Lest I give the impression that Gibson's dynamics of the cross can be traced back to an academic tradition in which the cross is observed from multiple viewpoints, I should also say that Gibson in his stressing of the physical nature of crucifixion owes something to an anti-academic, realist tendency best represented by Caravaggio. His Crucifixion of St Peter shows the labour of crucifying a victim, and again we see the tipping up of the cross, although the black box like space obliterates perspective completely. The cross is swallowed up in the maw of a frozen moment of suffering unlike the Carracci whose wide open landscapes suggest the unfolding of natural processes over time. So perhaps Caravaggio is the more obvious model for Gibson, especially because his dynamics of the passion are mediated through a similar aesthetic in which the action is petrified in a sequence of moments: Christ's journey to Calvary is a series of stops and starts, the cumulative effect being to indicate inertia rather than motion.
It's probably the case that in the early modern period we encounter what marks the beginning of the modern and humanistic treatment of crucifixions, where the scientific and spiritual come together in a strange constellation of ideas. Consider a drawing by the deeply devout St John of the Cross, (1542-1591). Here the cross is not foreshortened, but shown in oblique view from above, begging the question why did this mystic chose such a precipitous view.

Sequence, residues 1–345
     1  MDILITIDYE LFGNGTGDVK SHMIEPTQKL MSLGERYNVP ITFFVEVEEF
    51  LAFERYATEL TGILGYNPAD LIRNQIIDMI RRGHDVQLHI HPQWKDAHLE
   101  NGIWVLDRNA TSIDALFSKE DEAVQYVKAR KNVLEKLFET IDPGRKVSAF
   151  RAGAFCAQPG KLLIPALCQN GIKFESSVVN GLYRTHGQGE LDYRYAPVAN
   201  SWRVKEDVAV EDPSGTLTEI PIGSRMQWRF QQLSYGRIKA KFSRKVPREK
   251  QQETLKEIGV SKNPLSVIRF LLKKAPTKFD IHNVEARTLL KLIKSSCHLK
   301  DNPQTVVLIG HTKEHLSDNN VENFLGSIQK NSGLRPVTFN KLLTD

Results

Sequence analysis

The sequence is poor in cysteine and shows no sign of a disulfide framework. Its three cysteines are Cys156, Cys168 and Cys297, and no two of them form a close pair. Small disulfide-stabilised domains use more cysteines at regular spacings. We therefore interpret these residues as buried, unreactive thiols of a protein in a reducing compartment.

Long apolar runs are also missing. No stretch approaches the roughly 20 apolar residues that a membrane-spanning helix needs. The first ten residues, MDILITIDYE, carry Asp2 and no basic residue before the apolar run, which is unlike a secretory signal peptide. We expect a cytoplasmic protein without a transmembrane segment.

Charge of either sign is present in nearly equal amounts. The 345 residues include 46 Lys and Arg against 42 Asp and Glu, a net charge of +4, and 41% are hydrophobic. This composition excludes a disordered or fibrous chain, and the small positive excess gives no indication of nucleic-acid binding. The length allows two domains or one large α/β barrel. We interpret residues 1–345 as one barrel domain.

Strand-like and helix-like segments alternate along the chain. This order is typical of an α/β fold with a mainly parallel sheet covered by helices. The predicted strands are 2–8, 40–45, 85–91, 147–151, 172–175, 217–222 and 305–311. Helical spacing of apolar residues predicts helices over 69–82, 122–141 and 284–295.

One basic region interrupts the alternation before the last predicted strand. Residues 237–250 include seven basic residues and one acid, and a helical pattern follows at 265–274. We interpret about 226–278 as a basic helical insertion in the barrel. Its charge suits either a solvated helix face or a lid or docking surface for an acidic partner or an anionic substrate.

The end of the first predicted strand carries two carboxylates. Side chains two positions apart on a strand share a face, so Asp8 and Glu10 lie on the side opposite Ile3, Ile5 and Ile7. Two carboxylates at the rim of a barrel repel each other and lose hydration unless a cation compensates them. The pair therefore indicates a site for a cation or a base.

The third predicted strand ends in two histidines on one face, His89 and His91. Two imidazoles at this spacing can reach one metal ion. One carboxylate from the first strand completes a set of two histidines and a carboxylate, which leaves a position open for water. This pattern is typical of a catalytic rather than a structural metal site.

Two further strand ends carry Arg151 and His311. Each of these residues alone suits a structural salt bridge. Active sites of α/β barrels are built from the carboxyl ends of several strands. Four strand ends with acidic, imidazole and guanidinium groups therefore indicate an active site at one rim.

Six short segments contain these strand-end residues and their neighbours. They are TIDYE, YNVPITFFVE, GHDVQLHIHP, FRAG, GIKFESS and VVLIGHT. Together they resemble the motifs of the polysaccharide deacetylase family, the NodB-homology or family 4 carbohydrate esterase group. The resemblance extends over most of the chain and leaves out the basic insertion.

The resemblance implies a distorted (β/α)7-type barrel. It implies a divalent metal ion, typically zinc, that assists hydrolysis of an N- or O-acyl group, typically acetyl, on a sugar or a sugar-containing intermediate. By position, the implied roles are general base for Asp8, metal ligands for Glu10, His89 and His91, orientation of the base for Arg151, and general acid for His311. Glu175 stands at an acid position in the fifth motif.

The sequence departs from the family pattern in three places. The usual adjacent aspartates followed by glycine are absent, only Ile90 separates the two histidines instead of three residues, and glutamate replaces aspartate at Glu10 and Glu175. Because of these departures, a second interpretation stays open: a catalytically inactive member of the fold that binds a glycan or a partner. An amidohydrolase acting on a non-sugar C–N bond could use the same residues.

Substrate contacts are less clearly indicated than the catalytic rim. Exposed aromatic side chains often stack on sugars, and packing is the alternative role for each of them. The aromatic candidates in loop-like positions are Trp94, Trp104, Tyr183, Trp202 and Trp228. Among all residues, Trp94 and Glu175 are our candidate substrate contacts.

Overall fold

Gibson didn't exploit this viewpoint in his movie, but in a famous earlier film 1961, King of Kings, Nicholas Ray did: he gives us a dizzying few seconds directly at the top of the cross- we look down from the vantage point of God towards the ground before the camera restores order by pointing back towards the sky. If you hang in with this excerpt, you'll see it.
In John of the Cross's drawing we are close to that filmic viewpoint but we're seeing Jesus from an elliptical angle, a vertiginous position that inspired the surrealist genius Salvador Dali who also did a drawing of Christ from above, which he later turned into a painting, Crucifixion of St John of the Cross (1951). For Dali, the image of Christ on the cross offered a way of combing academic precepts with strictly scientific principles: he wanted to paint a saviour in cubist form, exchange metaphysics for physics. Not content with that, Dali wanted to paint an "exploding Christ"-and you thought a chocolate Christ was controversial! - as well as transcending the limitations of the form. Dali was also influenced by the treatise of a seventeenth-century architect, Juan de Herrera, on cubic form., whose ideas also underpin Dali's investigations into Velasquez Las Meninas.
Dali's earlier crucifixion is impressive because most views of the event can be accommodated: we can both look down on Christ or imagine ourselves standing on the shore of Port Lligat like the man by the boat looking up. We can have both an earthbound and celestial view. But his Hyper Cubic Crucifixion of a few years later is distinctively unsettling. Looking at it, I'm reminded of T.S. Eliot's line "Like a patient etherized upon a table"- this is Christ as an object ripe for dissection by the implements of white-coated anonymous bureaucracy- Christ as Joseph K. An objectified Christ, devoid of passion, arguably a more disturbing one than that of Gibson's, who though dripping with blood and wracked with pain, remains human.